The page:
What concerns me, however, is when I drive to nearby towns and see many residents behaving as if COVID doesn’t exist. People were standing in groups close together in front of a church getting ready for its annual fall festival. No one was wearing masks. Some businesses that post signs on their doors stating that masks are required don’t enforce the rule; even employees often don’t wear masks.

Meanwhile, COVID cases in the United States are approaching 100,000 a day as I write this. New coronavirus infections hit a record high in rural counties from Oct. 18 through 24, the fifth week in a row, reported The Daily Yonder, which has been tracking rural coronavirus outbreaks week by week.

In releasing the latest statistics about cases, Glen Rose Medical Center encouraged residents to take precautions.

“Isolated cases of COVID appeared to be the result of incidental contact amongst people in our community,” the medical center reported on Oct. 30. “This type of spread will be exceedingly difficult to control if we cannot get people to be compliant with wearing masks when they are in contact with other people.”

The center repeated its previous advice that wearing a mask can prevent people from spreading the virus unknowingly.

“It is very common that people are contagious for anywhere from one to three days prior to becoming “sick,” the post read. “It is during that time that mask wearing can help protect other people in our community.”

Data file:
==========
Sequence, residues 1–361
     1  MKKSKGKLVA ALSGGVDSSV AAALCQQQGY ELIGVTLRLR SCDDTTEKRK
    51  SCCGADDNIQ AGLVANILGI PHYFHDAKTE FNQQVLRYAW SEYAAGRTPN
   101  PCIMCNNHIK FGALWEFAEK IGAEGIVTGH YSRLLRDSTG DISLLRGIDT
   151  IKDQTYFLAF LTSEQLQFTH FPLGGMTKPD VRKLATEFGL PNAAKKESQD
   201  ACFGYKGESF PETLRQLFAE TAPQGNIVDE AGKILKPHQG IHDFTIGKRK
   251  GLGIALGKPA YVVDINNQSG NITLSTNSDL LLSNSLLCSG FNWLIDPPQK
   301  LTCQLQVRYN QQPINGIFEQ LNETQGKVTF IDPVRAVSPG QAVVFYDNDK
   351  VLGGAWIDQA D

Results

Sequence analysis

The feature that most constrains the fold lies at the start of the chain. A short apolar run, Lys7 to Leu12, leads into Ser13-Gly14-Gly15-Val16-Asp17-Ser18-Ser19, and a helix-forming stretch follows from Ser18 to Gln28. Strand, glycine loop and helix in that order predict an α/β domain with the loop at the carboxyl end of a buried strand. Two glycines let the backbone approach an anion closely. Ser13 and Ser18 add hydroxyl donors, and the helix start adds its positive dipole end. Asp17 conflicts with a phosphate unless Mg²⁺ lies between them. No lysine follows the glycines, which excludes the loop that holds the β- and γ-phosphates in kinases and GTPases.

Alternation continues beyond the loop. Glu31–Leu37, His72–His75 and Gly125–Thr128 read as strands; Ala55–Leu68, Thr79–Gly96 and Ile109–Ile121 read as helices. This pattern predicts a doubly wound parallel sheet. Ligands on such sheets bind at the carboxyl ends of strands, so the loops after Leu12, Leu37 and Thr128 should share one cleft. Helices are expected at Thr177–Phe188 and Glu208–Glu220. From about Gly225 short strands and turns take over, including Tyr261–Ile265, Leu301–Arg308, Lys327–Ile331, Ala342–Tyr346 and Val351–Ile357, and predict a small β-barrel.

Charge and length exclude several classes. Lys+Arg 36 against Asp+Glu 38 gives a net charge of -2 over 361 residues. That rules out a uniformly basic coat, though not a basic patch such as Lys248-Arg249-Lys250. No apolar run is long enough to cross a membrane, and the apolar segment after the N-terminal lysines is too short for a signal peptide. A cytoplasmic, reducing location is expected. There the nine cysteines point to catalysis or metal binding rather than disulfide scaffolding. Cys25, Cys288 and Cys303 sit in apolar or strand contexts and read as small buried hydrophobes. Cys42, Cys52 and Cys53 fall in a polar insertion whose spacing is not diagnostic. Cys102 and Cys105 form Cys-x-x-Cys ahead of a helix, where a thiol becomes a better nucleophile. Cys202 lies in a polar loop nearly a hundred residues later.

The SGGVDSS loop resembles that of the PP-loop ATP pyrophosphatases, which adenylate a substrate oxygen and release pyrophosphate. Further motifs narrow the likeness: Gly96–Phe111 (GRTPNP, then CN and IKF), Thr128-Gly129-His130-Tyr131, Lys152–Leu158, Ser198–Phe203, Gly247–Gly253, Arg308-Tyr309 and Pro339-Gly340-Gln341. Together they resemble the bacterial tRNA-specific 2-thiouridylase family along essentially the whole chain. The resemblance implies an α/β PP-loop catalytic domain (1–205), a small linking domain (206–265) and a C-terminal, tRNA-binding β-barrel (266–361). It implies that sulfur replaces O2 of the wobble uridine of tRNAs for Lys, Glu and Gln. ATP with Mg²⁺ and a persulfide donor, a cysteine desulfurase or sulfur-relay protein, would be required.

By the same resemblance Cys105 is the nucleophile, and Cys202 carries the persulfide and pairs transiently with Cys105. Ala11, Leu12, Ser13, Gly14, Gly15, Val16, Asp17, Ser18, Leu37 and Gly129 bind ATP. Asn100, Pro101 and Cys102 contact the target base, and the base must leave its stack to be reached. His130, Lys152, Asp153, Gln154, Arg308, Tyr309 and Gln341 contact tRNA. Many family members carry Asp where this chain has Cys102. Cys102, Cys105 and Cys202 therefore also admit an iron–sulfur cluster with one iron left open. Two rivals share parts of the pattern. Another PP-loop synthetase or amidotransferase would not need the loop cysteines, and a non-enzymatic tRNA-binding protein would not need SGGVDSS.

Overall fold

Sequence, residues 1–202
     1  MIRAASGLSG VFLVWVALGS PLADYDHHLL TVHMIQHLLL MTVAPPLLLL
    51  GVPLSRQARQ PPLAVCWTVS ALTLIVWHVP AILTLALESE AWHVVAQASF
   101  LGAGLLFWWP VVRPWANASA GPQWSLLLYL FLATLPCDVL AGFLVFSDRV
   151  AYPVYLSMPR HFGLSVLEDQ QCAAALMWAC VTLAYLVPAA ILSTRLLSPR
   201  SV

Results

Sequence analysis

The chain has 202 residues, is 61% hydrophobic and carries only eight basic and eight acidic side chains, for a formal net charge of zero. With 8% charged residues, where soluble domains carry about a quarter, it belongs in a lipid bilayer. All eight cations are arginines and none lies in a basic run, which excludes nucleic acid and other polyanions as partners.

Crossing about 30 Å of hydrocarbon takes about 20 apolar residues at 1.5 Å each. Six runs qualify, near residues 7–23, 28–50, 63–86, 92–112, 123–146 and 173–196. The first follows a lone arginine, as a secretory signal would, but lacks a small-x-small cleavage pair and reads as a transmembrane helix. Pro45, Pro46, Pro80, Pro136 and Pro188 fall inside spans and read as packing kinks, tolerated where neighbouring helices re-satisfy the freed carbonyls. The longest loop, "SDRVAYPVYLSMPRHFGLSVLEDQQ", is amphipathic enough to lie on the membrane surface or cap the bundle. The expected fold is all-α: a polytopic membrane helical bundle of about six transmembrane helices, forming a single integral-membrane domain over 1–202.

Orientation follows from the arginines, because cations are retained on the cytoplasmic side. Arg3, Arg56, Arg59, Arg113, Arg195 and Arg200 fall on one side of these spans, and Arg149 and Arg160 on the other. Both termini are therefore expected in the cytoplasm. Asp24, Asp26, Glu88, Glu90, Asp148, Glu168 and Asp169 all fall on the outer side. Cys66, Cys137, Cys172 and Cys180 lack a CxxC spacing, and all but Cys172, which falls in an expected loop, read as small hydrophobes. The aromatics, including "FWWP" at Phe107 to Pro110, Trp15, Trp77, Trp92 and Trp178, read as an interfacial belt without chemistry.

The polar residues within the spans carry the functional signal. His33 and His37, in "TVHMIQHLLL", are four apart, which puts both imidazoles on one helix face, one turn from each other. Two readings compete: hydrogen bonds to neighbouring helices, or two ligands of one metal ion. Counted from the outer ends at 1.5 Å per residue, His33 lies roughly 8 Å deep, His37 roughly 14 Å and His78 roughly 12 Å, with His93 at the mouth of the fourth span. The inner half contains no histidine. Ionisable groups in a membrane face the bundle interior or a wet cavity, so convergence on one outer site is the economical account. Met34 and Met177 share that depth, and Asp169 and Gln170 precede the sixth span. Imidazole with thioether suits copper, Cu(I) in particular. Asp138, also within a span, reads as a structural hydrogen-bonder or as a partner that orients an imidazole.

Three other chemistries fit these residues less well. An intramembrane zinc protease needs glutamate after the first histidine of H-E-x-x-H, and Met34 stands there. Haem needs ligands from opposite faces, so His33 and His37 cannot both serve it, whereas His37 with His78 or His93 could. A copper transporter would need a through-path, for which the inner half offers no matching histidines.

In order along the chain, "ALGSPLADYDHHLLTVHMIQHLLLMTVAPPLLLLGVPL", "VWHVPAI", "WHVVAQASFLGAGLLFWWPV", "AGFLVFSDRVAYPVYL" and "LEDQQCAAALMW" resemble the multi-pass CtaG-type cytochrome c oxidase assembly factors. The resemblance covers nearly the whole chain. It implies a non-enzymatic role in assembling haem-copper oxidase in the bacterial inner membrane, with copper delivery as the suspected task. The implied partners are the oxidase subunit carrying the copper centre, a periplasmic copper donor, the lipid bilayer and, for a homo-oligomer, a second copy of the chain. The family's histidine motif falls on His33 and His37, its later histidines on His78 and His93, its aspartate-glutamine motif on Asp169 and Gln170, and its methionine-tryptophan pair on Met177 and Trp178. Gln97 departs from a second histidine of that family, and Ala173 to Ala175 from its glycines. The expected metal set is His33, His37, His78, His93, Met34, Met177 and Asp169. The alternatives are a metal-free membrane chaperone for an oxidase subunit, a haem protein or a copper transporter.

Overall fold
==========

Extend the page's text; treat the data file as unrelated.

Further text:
This line in the release should have been boldfaced: “There is significant evidence that mask wearing in our community is near, or at, the lowest level that it is been since the beginning of this pandemic.” Wow.

Whether it’s COVID fatigue or denial, many people are letting their guard down. I let mine down by having lunch with a friend because I thought it was “safe” to eat outside.

With cold weather on the way and more people confined to the indoors, COVID cases likely will continue increasing, experts warn. But I hear so many people dismissing those warnings. Conspiracy theories abound on the Internet.

They may not listen to me, either. But I’m also the face of COVID. I thought I was at low risk because of where I lived. I wore masks. I sanitized my hands and even wore gloves sometimes. I washed my hands for 20 seconds after taking off my gloves. I avoided crowds. I shopped online and got curbside grocery service. I still got COVID.

Thankfully, right now it looks like a mild case, but I don’t know what the future will hold. I’d be lying if I said I wasn’t worried.

Assume others, even friends and family members, have the virus. Don’t be afraid to hurt their feelings and not hug. Explain you want to protect them. Wear a mask. Keep your distance. Don’t let down your guard, even if you think you live in a relatively “safe” area.

I’m posting a daily coronavirus journal on my Facebook page. I hope sharing my daily experiences will keep people informed and, hopefully, prevent someone else from contracting the disease. If I can get it, anyone can.

Kathryn Jones is a longtime journalist, former editor of the Glen Rose Reporter and co-director of the Texas Center for Community Journalism.